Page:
Ovidio Castro Medina
Bogotá, August 29 (EFE). With an Interstellar show in high definition and with David Bowie’s musical transformation in the background, projected using pioneering laser technology across Latin America, the Bogotá Planetarium has begun a new phase in which audiences can live immersive experiences in the arts, sciences and technology.
The new planetarium outfit includes the Griffyn 4K32-RGB laser projection system, making the stage one of the most modern in Latin America with the latest technology.
Initially, the Mayor of Bogotá chose “Interstellar Traveler, Show by David Bowie” in which he also presented the Fundación Orquesta Sinfonic de Bogotá, whose musicians wore costumes reminiscent of the crews of interplanetary ships.
There Bowie’s subversive music was played in the dome where planets, stars, and astronauts were also shown, all amidst thousands of colors that made the show all the more realistic.
“The planetarium is a place where citizens meet, not only science, but also arts, culture, and creativity,” Catalina, director of the Provincial Institute of Arts (Idartes), told EFE Valencia.
Regardless of culture, Valencia highlights that the new projection system has a high efficiency index compared to electricity consumption. In addition, the projectors are equipped with laser technology, which has lower electricity consumption compared to traditional xenon gas lamps.
A friend of the environment
The new equipment, in addition to allowing for better colors, and new immersive experiences, is “more environmentally friendly,” said Carlos Mauricio Galeano, Deputy Director of Equipment at Departmentes.
With all of this, it would be “reducing the carbon footprint because projectors rely on laser technology that makes the lamps last longer and in about 10 or 15 years, when they lose their useful life, they won’t pollute as deeply as they once did. The technologies do. Halogen-based” .
Musically, he noted, Bowie, who was born in London in 1947 and died in New York in 2016, “written music for the stars, planets, and the space race.”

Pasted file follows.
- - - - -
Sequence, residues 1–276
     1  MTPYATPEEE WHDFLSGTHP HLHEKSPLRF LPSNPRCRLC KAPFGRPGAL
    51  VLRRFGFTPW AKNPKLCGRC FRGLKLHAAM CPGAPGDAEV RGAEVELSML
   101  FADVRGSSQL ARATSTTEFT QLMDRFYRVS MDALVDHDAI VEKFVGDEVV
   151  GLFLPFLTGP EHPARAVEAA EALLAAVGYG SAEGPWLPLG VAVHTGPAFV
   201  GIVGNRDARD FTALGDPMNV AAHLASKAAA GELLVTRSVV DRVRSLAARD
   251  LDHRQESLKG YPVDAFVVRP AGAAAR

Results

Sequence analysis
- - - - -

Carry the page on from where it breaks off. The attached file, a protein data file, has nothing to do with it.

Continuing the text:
As of September 4, the artists who will dominate the planetarium with their music are Gustavo Cerati, Daft Punk, Queen, Coldplay, Metallica and the incomparable Michael Jackson. None of them need an introduction.
to see and hear
On December 22, 1969, then-Colombian President Carlos Leras Restrepo inaugurated the Bogotá Planetarium, but under the direction of Virgilio Barco Vargas (1986-1990) the scene shifted and began to become a fascinating cultural center of the city.
The space race, which brought about changes in humanity, sparked interest in astronomy, science, and exploration of the universe, leading to the construction of large planetariums, a tool invented in Germany, but rediscovered in that decade as a way to satisfy an eager public. for scientific knowledge.
From above, the iconic theater is shaped like a snail and among the many anecdotes a part of its equipment was made possible by an alliance made by the mayor of Bogota with the National Federation of Coffee Growers of Colombia.
This is how the projection system, screen and equipment – which will enter retirement – arrived from Jena, in the then GDR, which at the time was the best equipment offering planetariums.
With the new equipment that will be projected onto the 23-meter-diameter dome, audiences will be able to enjoy films such as “The Birth of Planet Earth”, produced by Spitz Creative Media, and “Revealing the Invisible Universe”, from the European Southern Observatory (THAT). .
“They are Voldom projections,” explains Galliano, who recalls that this is an immersive viewing format based on 360-degree panoramic films.
After renovations, the planetarium now has a 650 square meter space museum, five exhibition rooms and interactive spaces.
Likewise, it contains a library specializing in astronomy and space science, a children’s room designed to offer specialized content for children and a balcony from which part of the city center can be seen. EFE
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